How they do that is the question. Most journals get ‘paid’ for their efforts by the authors’ transfer of copyright. This copyright they then subsequently ‘trans-substantiate’ into money via subscriptions. What an embargo does is simply to make this ‘payment’ of copyright worth less. For some journals, an embargo of 12 months will make little difference. The time-sensitive currency of the information published in those titles demands that libraries need to subscribe to get immediate access anyway. For those, the ‘value’ of copyright is not eroded. But for other journals, the ones that publish less time-sensitive material, a mandate is possibly devastating, a double whammy, removing the incentive to pay both on the part of the librarian, who judges that his or her constituency can wait 12 months for access, as well as on the part of the author, who, given the option, may judge that his or her readers can wait 12 months for access. Subscription journals and mandated open access are not compatible. Only journals run on entirely charitable support can survive this way.

Fully open access journals stand somewhat outside the pitch as observers of the spectacle, since they have already understood that being dependent on what governments may allow you as a term in which to sell subscriptions is just too risky. They don't give authors a choice and simply refuse to publish articles unless they are paid for by article processing charges, a.k.a. author-side publication fees. Subscription-based journals and hybrid journals (those that offer paid-for open access as an option) are the ones likely to suffer, although hybrid journals have the possibility too, of course, to remove the non-OA option for NIH-funded research articles and behave exactly like a full OA journal towards NIH-grantees.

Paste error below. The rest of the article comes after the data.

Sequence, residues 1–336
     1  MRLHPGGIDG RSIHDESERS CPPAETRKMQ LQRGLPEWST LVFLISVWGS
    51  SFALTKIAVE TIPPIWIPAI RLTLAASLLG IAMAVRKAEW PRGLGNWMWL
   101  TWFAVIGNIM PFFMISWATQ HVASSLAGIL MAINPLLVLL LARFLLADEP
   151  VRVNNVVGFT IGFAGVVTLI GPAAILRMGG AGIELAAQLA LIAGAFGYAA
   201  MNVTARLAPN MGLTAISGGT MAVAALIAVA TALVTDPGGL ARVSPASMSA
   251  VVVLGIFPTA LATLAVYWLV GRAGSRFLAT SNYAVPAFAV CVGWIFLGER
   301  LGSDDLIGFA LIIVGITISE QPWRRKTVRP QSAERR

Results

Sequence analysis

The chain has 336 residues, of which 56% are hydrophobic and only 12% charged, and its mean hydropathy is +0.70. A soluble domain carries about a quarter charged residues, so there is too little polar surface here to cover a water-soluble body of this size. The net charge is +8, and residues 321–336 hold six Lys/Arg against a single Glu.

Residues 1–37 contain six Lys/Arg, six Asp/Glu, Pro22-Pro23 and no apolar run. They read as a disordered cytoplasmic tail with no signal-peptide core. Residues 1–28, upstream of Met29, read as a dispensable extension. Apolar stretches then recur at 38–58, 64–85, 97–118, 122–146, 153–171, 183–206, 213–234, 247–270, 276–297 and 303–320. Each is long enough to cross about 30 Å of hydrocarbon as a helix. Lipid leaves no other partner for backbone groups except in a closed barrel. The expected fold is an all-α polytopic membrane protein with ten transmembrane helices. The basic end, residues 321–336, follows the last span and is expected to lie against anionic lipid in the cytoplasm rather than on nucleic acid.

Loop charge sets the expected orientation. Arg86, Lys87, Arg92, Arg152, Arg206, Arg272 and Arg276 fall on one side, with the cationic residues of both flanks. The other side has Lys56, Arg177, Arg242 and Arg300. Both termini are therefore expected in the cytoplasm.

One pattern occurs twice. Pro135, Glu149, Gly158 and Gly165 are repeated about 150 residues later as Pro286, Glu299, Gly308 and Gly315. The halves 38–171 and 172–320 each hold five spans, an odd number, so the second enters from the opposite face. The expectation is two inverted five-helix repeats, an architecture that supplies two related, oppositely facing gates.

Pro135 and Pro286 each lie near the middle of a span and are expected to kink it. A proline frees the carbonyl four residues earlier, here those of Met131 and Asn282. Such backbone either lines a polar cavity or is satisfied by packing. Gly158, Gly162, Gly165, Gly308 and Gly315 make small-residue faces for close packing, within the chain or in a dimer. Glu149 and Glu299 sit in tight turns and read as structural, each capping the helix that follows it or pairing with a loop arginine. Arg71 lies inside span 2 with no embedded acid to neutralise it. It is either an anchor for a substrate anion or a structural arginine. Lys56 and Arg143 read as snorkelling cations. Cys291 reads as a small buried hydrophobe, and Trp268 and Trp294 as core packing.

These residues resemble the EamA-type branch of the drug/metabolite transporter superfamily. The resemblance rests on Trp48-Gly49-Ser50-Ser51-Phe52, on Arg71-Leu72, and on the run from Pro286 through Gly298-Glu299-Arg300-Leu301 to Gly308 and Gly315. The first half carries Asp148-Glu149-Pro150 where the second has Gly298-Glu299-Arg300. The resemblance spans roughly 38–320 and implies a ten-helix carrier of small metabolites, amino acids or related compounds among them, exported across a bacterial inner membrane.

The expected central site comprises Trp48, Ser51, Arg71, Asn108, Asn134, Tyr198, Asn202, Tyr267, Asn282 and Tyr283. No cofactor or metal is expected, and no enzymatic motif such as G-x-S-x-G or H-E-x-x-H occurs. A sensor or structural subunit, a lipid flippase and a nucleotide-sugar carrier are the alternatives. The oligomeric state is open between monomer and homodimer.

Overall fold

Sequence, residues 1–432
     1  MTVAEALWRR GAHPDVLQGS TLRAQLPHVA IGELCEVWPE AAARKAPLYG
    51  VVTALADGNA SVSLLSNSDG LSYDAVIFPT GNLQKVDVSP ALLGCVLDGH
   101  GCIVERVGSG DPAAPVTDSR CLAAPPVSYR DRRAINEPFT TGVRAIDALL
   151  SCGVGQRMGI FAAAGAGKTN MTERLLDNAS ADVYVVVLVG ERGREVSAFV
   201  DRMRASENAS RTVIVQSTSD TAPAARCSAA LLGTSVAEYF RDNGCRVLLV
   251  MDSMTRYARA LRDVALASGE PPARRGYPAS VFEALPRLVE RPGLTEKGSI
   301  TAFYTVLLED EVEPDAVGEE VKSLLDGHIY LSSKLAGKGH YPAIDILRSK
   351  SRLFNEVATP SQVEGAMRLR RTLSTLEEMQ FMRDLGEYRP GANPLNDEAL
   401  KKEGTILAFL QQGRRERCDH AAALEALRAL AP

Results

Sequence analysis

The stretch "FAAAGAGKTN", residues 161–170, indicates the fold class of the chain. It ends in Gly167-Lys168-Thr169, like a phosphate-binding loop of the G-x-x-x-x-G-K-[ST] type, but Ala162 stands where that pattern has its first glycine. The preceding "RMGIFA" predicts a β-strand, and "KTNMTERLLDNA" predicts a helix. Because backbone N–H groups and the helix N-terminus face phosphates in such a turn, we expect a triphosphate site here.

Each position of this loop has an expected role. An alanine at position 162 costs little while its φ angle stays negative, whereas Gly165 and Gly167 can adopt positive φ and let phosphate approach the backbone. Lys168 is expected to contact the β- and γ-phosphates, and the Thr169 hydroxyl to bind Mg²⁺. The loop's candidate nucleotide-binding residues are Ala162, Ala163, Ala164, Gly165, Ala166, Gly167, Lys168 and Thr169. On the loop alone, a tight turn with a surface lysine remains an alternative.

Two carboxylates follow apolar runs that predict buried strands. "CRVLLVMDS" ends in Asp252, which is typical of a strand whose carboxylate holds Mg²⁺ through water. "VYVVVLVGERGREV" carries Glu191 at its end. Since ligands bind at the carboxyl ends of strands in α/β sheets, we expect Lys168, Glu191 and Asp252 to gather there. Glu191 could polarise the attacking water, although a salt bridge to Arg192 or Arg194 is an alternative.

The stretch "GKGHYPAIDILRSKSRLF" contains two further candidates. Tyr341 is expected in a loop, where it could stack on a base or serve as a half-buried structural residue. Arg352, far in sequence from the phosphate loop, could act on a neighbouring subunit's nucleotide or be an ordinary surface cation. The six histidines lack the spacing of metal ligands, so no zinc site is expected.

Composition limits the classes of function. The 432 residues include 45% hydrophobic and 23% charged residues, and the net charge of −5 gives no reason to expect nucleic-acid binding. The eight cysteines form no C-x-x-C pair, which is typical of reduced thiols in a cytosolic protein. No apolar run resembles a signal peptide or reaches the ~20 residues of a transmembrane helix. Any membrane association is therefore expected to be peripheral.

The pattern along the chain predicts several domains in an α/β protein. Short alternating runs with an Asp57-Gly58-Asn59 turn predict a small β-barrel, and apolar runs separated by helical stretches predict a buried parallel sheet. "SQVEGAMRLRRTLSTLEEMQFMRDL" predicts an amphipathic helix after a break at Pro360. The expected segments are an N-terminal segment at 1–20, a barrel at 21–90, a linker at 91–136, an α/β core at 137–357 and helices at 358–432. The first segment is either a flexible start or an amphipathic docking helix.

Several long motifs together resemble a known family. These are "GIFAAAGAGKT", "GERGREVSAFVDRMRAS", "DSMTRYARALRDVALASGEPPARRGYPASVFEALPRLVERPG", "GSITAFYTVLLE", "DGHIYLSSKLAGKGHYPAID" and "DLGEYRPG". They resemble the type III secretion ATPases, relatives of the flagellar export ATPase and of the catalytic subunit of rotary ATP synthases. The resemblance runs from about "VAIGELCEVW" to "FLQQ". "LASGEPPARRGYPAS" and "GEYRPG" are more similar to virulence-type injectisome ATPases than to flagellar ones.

Surely, the stowaway analogy doesn’t go further than the mandate simply being buried in the bowels of the bill, does it? Surely, the free-readership mandate doesn’t imply free-ridership, too, does it? Surely, the mandate doesn’t imply that NIH-funded researchers are compelled to take the trip without paying for the ticket? If so, the bill is fundamentally a dishonest one. If it isn’t a dishonest one, surely the NIH will clearly indicate that it is entirely legitimate, and advisable, for authors to spend a small percentage of their grant money – estimates range from 1 to 2 percent – on the article processing fees for publication with immediate open access?

If the bill really should be the fundamentally dishonest variety feared, one of ‘taking the trip without paying the ship’, then this OA ‘victory’ will, alas, turn out to be a Pyrrhic one. A short-term pseudo-success at the cost of a long-term open access solution. A palliative that ultimately kills instead of a treatment that ultimately cures.

Advocates of true, immediate, and sustainable open access, as an integral part of research, may still have a long way to go.

Happy 2008!

Jan Velterop